Provincial health officials alerted the public Tuesday a staff member at the Selkirk hospital has tested positive for COVID-19. They refused to say how many other Manitoba health-care workers have contracted the virus.
Chief provincial public health officer Dr. Brent Roussin said the employee worked in the Selkirk Regional Health Centre emergency department and medicine ward March 19-23 — despite having symptoms of the novel coronavirus.
"How a symptomatic person was working for three days, I can't answer that," Roussin told a media briefing. "Health-care workers are closely monitoring their symptoms and should report any symptoms immediately to occupational health and safety."
The Manitoba Nurses Union said several nurses who came into contact with the staff member at the hospital are now self-isolating at home.
Roussin said public health, occupational health and infection prevention and control staff are investigating the case and following up with all close contacts, including staff and patients.
He said the health worker contracted the coronavirus through travel within Canada. The person did not self-isolate because, at that time, the directive on self-isolation pertained only to international travel.
Public health officials are contacting anyone who had close or prolonged contact with the staffer when the individual was symptomatic, Roussin said. "People with concerns can contact Health Links to speak to a nurse about the situation."
Because of the large number of potential contacts, Roussin said he decided to release details of the case "for public health reasons."
Roussin refused Tuesday to provide details about other Manitoba health-care workers who have contracted COVID-19 — or to say how many have become infected.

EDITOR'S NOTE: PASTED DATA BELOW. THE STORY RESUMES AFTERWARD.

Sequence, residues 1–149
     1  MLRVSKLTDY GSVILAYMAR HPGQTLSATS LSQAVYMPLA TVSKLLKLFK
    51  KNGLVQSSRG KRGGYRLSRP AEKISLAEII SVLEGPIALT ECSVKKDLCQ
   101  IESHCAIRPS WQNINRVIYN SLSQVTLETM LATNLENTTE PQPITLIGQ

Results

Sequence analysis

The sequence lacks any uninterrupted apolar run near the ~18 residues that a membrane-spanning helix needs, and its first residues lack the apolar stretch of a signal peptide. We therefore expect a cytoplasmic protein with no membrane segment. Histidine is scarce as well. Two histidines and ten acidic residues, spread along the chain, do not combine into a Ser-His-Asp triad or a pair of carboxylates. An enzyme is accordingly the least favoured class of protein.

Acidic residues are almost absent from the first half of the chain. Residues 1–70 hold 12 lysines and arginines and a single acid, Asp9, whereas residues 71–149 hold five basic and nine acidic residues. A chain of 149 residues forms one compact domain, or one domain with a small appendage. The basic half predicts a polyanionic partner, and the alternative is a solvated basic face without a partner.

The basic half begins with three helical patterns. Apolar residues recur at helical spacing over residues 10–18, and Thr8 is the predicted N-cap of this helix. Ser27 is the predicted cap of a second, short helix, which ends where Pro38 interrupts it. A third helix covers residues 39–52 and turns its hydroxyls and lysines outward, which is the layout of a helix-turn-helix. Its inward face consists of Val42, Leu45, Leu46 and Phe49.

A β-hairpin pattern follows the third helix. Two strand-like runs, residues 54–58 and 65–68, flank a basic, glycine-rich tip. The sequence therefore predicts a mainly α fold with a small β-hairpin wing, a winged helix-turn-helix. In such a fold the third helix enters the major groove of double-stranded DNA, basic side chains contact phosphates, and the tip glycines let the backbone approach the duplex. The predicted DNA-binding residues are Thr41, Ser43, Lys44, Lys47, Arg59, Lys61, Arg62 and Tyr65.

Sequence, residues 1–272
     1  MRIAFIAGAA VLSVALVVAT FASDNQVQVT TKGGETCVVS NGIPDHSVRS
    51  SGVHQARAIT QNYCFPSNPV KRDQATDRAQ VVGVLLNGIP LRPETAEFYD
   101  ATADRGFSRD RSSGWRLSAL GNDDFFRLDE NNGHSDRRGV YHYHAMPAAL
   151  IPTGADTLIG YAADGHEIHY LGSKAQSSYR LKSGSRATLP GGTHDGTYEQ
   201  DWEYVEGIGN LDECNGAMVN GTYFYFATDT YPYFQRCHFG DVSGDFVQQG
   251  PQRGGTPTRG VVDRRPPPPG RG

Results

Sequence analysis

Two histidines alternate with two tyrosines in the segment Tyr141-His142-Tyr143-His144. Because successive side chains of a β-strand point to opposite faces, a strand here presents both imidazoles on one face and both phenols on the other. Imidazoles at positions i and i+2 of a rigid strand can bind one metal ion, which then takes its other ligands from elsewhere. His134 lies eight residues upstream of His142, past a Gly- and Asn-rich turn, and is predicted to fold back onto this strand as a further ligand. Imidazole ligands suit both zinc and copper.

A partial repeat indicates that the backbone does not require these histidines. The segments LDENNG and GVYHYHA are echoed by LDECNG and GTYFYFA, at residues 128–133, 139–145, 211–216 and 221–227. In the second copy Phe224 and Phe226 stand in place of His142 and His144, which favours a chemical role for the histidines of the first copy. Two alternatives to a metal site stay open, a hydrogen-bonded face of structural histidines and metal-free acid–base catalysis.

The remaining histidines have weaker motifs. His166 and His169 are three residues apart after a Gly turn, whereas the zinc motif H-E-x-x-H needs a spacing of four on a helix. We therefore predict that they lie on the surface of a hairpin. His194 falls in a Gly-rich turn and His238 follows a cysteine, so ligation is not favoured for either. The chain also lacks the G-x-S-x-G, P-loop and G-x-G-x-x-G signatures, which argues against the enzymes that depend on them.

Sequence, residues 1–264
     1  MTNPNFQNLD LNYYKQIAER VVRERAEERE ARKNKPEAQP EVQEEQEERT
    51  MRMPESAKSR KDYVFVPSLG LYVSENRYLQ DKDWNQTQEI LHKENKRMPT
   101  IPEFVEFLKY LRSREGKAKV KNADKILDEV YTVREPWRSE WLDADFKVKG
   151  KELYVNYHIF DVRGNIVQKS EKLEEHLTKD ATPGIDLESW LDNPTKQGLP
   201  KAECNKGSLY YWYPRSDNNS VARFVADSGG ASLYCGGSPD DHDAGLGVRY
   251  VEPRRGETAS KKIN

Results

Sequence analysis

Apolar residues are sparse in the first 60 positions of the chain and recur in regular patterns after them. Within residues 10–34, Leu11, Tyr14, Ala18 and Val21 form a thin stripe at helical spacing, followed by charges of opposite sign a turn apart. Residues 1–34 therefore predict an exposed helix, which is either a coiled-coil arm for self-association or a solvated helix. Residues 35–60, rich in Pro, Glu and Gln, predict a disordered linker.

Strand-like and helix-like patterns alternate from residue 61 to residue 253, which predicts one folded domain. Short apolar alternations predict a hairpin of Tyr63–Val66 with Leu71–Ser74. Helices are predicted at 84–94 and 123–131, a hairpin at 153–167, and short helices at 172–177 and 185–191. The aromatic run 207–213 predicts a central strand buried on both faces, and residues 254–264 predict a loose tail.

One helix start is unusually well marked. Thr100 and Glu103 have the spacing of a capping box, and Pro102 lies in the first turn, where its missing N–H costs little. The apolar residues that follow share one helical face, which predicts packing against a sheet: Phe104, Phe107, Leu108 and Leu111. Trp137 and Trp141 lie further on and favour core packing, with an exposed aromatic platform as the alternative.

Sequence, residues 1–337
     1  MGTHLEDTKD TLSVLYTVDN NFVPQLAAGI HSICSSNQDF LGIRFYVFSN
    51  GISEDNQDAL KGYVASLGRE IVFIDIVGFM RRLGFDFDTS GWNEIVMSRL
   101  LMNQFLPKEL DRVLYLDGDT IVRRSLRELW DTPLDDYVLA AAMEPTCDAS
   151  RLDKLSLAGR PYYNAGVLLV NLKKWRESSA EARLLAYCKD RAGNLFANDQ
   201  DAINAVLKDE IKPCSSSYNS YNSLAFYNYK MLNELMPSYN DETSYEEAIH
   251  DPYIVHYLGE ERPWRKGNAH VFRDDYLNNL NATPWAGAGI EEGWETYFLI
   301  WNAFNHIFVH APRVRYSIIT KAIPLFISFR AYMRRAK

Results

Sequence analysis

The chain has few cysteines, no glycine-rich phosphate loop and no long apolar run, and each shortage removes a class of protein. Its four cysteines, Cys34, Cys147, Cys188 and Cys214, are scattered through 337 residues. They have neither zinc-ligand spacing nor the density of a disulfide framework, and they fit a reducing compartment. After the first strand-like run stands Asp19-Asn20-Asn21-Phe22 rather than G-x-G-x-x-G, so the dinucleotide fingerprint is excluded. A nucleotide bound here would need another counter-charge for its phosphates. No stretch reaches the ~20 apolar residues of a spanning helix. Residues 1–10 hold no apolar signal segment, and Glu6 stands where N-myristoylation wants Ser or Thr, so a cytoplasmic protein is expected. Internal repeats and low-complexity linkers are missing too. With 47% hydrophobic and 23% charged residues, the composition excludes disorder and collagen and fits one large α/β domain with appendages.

The MNU revealed a Winnipeg ER nurse had tested positive for the coronavirus, something the chief public health officer would not confirm.
The nurses union said it believes the nurse contracted the virus while tending to patients sick with the disease. She is currently recovering in self-isolation at home.
Asked Tuesday whether there had been any evidence of a Manitoba health-care worker becoming infected with COVID-19 in the workplace, Roussin said the province has been "investigating some cases where that type of transmission is considered."
Other jurisdictions, including Alberta and Ontario, have updated the public on the numbers of health workers testing positive. Roussin didn't rule out providing such information in the future.
On Tuesday, the province announced seven additional coronavirus cases, bringing the Manitoba total 103.
Three individuals were in hospital, two of them in intensive care. Four individuals have recovered from the virus. The total number of COVID-19 deaths in the province remains at one.
Roussin said the total number of cases to date is within the range Manitoba health professionals had predicted by this stage.
The latest updates on the novel coronavirus and COVID-19.
"The severity (of cases) tends to be at the lower end of what our predictions are, but it's quite early right now," he said.
"How a symptomatic person was working for three days, I can't answer that." Dr. Brent Roussin
Meanwhile, the province is putting out a call for nurses with critical care experience to step forward as it plans to ramp up for COVID-19 cases in hospital.
Lanette Siragusa, chief nursing officer at Shared Health, said the province is looking for registered nurses with previous adult or pediatric critical care experience who may be willing to pick up additional shifts or to be redeployed to another hospital if need be.
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